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Plight of Lebanon's Migrant Maids Spurs Coronavirus Repatriation Push

This story was originally published May 27, 2020 by the Thomson Reuters Foundation.

Foreign governments are scrambling to organize repatriation flights for thousands of migrant domestic workers stranded in Lebanon due to the coronavirus lockdown following an outcry over their treatment and at least one suicide.

Filipino maid Jenalyn Banares took her own life at the weekend at a shelter run by the Philippine embassy in Beirut, days after rights groups raised concerns about conditions at another embassy shelter housing 26 women waiting to fly home.

Housemaids clean windows in an apartment in Beirut April 2, 2012. Tragic tales of domestic worker abuse in Lebanon are common. | REUTERS/Jamal Saidi
Housemaids clean windows in an apartment in Beirut April 2, 2012. Tragic tales of domestic worker abuse in Lebanon are common. | REUTERS/Jamal Saidi

"Girls are talking about suicide in our inbox. They cannot go on for much longer," said Patricia, co-founder of the migrant protection group This is Lebanon, who uses a pseudonym for her safety.

"They're locked in with their abusers — some of them are being sexually assaulted and all we can say to them is just wait, wait, the airport will open soon," she told the Thomson Reuters Foundation.

Thousands of foreign workers in Lebanon, some without legal documentation, are out of work and left stranded by border closures, with many unable to access state services and others subjected to abuse in confinement, according to rights group Amnesty International.

Commercial air traffic is still grounded but some countries are now undertaking emergency flights to repatriate citizens who have been left in dire straits as the coronavirus pandemic exacerbates Lebanon's economic woes.

About a dozen Ethiopians who have been abandoned by their employers have been camping outside their embassy because they have nowhere else to go, said Tsigereda Brihanu from Egna Legna Besidet, an organization supporting domestic workers in Lebanon.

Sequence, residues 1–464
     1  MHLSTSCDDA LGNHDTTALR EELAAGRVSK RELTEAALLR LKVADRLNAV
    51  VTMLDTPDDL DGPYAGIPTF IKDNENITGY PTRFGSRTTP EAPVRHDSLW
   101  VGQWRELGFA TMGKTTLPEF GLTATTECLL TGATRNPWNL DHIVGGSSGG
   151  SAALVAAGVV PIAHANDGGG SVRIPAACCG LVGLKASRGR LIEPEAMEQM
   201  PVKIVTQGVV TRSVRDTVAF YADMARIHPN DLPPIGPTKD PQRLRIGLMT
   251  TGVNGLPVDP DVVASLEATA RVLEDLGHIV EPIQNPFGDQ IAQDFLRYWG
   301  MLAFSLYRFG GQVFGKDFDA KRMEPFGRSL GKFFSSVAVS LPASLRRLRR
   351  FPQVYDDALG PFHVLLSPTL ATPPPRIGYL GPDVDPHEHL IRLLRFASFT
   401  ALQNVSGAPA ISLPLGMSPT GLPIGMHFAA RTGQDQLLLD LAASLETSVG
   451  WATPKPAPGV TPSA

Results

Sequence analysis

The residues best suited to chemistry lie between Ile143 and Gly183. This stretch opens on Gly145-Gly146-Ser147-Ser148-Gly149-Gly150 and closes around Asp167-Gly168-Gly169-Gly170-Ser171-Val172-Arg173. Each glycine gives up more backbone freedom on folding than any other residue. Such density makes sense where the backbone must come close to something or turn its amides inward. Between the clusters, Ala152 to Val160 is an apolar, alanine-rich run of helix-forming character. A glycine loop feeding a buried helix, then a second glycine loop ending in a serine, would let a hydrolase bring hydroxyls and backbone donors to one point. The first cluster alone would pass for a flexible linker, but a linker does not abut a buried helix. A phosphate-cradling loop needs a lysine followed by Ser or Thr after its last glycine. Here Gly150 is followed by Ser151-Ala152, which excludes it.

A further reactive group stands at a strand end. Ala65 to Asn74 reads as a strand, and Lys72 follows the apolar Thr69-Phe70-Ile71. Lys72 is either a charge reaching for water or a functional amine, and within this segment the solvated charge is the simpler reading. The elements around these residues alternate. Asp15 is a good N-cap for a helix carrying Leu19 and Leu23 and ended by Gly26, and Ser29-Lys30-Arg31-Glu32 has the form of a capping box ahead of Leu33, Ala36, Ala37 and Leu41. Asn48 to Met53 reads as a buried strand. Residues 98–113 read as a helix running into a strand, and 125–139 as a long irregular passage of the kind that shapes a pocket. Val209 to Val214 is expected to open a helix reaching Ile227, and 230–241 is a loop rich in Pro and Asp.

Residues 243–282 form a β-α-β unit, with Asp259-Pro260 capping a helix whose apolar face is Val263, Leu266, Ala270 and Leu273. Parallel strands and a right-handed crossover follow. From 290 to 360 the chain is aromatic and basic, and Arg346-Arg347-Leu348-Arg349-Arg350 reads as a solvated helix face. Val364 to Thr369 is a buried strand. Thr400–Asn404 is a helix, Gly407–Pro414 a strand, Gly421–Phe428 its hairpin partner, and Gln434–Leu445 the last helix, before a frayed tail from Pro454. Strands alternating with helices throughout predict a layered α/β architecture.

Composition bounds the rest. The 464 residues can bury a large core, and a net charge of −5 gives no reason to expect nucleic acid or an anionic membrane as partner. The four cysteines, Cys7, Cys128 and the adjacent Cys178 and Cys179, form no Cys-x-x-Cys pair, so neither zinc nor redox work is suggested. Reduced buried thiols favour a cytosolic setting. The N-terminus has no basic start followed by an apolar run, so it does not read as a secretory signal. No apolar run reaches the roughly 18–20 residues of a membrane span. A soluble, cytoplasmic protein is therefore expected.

"Those girls don't know anybody, they don't have any friends .... Some of them even come without their luggage."

An Ethiopia-bound flight is expected to depart Beirut carrying 340 nationals on Thursday, said Lebanon's general security directorate spokesman Nabil Hannoun.

The Ethiopian consulate published a post on its Facebook page on May 20 saying the cost of a ticket would be $680 in addition to costs for a 14-day quarantine upon arrival, a hefty price for domestic workers who make as little as $150 per month.

Nigerian Foreign Minister Geoffrey Onyeama said on Sunday that 50 trafficked girls and 19 stranded nationals had been evacuated from Lebanon.

In April, Lebanese authorities questioned a man who tried to sell a Nigerian domestic worker over Facebook. Days later, caseworkers helped another Nigerian woman escape abusive employers after she shared a video of herself with a bloody lip.

Following Banares' death, which it has vowed to investigate, the Philippines embassy in Beirut said all 165 Filipinos staying at its facilities in the city would eventually be flown home.

"All applicants, Ms. Banares included, in our facilities are processed with their eventual repatriation in mind," Charge d'Affaires Ajeet-Victor Panemanglor said in an email.

Lebanon is home to up to 250,000 foreign workers, some working illegally, who are employed under the country's kafala sponsorship system which binds them to one employer.

Human Rights Watch and Amnesty have blamed the kafala system and the inability to change jobs, which exists in many parts of the Middle East, for the abuse of migrant workers.

Reporting by Ban Barkawi @banbarkawi; Editing by Helen Popper.

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